MPs look to rebuild case for new rail network
PUBLISHED: 06:30 15 September 2012
Archant © 2012
East Anglian MPs have restarted their efforts to lobby government for investment in the region’s rail network after suffering a set-back in the recent ministerial reshuffle.
Campaigners from the East of England had gone to great lengths to successfully persuade former transport secretary Justine Greening that the Treasury should invest to transform the East of England’s rail network.
Their push had already seen the government approve funding for improvements to the Ely North Junction, a key rail bottleneck in the region, but that upgrade was only the first step in a series of measures campaigners want.
Now they must persuade new transport secretary Patrick McLoughlin of the case all over again, with the Treasury’s coffers as strained as ever.
In particular they will ask him to endorse the East Anglian Rail Prospectus, a document setting out improvements needed over the next two decades in order to allow the Eastern region to develop economically.
After a meeting between regional MPs and Mr McLoughlin, Norwich North MP Chloe Smith said: “It’s important to make sure that the new secretary of state knows what we are asking for on people’s behalf.
“I asked for a meeting straightaway to present the prospectus before the Norwich-London franchise process starts in the autumn.
“He listened and praised our campaign for getting stuck in early and acting together. We put the case for strategic investment in the East Anglia rail network over the long term.”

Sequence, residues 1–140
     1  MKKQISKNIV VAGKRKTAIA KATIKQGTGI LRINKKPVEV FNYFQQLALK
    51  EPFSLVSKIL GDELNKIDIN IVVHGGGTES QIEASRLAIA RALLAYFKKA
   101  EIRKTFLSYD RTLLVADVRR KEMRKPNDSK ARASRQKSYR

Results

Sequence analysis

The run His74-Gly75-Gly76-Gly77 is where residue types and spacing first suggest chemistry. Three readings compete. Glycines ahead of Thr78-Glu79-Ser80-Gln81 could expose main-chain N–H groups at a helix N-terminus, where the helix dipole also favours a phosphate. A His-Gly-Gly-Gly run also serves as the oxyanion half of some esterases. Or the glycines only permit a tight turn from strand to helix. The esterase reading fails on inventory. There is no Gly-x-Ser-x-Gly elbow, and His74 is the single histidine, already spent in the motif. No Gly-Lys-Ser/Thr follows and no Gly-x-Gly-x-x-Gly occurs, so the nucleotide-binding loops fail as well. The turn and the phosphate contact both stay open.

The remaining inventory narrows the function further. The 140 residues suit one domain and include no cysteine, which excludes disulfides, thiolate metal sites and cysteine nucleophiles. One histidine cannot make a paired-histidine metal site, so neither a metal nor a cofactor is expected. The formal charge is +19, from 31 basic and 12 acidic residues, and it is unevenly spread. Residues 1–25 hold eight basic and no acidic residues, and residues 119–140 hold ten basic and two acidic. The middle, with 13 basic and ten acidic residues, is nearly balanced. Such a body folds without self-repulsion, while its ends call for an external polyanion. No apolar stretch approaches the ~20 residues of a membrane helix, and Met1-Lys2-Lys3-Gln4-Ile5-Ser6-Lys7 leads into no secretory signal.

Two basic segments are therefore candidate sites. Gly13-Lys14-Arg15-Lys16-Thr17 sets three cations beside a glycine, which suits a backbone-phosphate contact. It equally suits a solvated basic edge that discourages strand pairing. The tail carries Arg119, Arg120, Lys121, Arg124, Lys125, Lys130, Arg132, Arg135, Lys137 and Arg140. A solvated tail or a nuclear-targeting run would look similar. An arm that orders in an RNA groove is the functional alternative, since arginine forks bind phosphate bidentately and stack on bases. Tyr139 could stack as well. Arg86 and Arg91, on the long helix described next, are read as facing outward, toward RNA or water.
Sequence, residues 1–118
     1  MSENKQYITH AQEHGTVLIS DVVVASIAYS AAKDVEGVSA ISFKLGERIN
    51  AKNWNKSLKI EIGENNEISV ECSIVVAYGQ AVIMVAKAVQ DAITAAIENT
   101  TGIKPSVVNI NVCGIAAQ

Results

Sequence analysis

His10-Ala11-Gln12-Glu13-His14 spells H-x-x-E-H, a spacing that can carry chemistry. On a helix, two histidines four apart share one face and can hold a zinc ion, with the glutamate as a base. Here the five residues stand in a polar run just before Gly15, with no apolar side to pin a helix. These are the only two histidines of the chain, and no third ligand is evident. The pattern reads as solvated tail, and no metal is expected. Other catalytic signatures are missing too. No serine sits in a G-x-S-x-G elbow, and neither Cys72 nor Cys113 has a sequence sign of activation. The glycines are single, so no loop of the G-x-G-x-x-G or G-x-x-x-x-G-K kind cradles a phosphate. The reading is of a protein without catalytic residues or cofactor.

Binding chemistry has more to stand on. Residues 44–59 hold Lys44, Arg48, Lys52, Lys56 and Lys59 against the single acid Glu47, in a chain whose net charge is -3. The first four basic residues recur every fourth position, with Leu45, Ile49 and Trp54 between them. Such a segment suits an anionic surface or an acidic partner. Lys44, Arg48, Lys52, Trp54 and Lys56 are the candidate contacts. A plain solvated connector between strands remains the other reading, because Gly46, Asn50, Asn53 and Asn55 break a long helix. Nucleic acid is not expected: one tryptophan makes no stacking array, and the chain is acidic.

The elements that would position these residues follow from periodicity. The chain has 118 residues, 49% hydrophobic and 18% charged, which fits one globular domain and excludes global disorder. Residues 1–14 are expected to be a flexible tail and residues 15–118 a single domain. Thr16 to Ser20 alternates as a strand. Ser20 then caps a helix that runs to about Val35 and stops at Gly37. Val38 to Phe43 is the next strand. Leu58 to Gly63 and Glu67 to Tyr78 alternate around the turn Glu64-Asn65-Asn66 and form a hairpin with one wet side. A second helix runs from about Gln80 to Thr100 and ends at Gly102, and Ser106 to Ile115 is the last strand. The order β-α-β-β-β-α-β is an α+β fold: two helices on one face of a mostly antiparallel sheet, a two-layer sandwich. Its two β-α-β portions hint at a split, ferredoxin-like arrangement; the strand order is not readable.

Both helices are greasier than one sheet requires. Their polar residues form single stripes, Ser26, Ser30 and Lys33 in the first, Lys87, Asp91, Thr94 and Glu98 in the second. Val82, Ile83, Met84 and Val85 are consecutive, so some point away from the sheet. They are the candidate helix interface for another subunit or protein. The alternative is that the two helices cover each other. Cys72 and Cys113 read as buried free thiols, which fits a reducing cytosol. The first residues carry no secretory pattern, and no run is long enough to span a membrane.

The prospectus outlines a string of investment priorities to be carried out between 2014 and 2019 including the remodelling of Bow Junction near London Liverpool Street, improving freight capacity and upgrading rolling stock.
Ms Smith added: “We got early successes in the rail statement in July – including investment for Ely North – but the campaign continues now with focus on the Norwich-London line.
“We believe there is a powerful case that with appropriate investment for better rail links – especially between our key science and technology clusters in Norwich, Cambridge and Ipswich. East Anglia can gain substantial economic growth. We want East Anglia to get the rail deal it deserves.”
Looking towards the long term the prospectus also calls for the electrification of lines in the region and much faster intercity services.
But there are also questions over whether the new transport secretary might seek to boost his party’s electoral hopes, with the 2015 election coming into sight, by investing more in areas with marginal seats rather than the safer constituencies his party has in Norfolk.
Broadland MP Keith Simpson said: “One has always got to take account of the politics. The transport secretary can’t invest in something just because it’s to the advantage of the coalition.
“But there might be an element in his mind that notices that, along the entire stretch between London and Norwich, there are marginal seats that might be affected.
“Ultimately the case that we have will stand and fall on its own merit. We have a very good case, not just from the point of view that we want reliable trains, but because it meets the government’s criteria in terms of addressing things like economic development and social degradation.”